It is late at night in the belly of the Bronx, New York, when Roberta and Danny auspiciously meet in a dingy and empty bar, each seeking out peace and quiet. Both uneasy and defensive, their attempts at conversation are jilted early on by verbal sparring and threats, but something about their connection lights a spark in both anguished humans. Danny, a day laborer who lives with his mother has a problem handling his violent rages, is boiling over with need and pain after a street fight in which he’s afraid he killed someone. Roberta, a single mother who lives with the parents who raise her child and spends her nights out partying late, is out looking for reasons to prove her worthlessness to herself. What begins as an bitter argument in a bar transforms into an unexplainable understanding between the two. Their natures are compatible enough to challenge and interrogate one another’s self-destructive tendencies, without losing sight of trust. They leave for Roberta’s to spend the night together, suspicious but enticed by the depth of their bond. Danny and Roberta find themselves able to communicate in what seems to be a new language for them both-- that of empathy and openness. They allow themselves to explore fantasies together, both the grace of kindness and the compassion of romantic love. Roberta holds Danny in her arms through his rages, nudging and cajoling him to verbalize the things that make him so angry instead of reacting with sheer violence. Danny listens carefully as Roberta reveals some of her own harder truths about her sexually traumatic past, and validates her pain while pushing away any notion that she is shamefully ruined. It is clear that neither Danny nor Roberta has ever known anything more honest or gentle than this time spent in one another’s company. Whether they will stay together after this formative night is an unanswered question that lingers, but it is undeniable that they have changed one another’s lives. Through Roberta and Danny, John Patrick Shanley cleverly and tenderly explores the deep need for human compassion and the power that can come from speaking out about the dark things that trouble a person’s soul. Written during the dawn of “self-help” as a way of dealing with emotional baggage in America’s early 1980s, it is clear through this touching piece of drama that the need for sharing pain with others exists even in the most desperate and closed-off corners of our world.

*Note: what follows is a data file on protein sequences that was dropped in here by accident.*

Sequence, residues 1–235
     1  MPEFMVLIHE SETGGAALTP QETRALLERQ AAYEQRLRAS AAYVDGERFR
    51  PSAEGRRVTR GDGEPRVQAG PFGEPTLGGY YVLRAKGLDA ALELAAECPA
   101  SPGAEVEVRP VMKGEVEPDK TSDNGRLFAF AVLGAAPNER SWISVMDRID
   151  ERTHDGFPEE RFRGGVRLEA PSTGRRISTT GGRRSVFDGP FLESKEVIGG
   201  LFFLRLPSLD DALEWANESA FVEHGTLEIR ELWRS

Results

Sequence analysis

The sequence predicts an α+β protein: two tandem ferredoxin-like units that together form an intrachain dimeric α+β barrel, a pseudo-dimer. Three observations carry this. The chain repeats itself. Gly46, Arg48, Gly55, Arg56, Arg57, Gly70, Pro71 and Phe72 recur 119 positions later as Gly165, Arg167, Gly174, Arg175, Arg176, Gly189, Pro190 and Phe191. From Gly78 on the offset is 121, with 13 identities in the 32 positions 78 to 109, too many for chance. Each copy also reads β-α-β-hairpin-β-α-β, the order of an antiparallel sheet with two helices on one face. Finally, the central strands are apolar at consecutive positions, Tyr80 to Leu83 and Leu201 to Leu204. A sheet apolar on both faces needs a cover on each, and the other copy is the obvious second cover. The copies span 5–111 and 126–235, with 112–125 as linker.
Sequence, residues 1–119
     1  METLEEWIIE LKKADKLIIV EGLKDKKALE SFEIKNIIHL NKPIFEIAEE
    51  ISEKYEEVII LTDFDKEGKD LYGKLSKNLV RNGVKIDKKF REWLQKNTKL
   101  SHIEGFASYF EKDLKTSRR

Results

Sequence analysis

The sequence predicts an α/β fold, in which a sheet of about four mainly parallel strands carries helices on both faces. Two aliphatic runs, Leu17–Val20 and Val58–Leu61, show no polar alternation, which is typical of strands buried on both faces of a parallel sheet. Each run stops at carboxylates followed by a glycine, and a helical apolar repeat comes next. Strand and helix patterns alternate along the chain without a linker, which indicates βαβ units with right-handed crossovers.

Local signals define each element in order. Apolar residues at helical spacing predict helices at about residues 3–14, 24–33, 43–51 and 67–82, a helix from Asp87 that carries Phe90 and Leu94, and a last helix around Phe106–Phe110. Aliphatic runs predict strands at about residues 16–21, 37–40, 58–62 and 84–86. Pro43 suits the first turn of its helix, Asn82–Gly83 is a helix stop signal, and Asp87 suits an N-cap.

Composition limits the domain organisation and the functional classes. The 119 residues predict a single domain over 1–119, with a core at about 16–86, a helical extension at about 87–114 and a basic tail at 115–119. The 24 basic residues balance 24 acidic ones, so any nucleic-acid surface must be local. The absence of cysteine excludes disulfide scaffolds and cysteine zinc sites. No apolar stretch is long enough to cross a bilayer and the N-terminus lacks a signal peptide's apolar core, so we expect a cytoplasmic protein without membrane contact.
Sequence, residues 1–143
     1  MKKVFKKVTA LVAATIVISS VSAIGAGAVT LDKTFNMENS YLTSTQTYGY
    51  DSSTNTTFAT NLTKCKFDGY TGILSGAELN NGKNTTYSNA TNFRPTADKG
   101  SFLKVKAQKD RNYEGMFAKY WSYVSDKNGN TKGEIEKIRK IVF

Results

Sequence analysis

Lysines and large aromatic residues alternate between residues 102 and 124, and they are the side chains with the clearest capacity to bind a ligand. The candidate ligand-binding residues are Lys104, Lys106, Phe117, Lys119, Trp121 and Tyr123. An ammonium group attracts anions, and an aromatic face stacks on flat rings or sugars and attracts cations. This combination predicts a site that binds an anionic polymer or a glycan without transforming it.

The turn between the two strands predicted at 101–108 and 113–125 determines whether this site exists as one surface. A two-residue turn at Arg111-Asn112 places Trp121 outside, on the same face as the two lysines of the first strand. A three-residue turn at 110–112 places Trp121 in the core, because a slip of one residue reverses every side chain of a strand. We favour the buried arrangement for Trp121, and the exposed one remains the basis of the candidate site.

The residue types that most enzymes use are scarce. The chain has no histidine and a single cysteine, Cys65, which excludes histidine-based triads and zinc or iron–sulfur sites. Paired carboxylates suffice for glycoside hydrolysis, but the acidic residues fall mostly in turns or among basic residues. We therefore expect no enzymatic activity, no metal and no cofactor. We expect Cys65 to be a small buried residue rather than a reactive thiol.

Danny and the Deep Blue Sea guide sections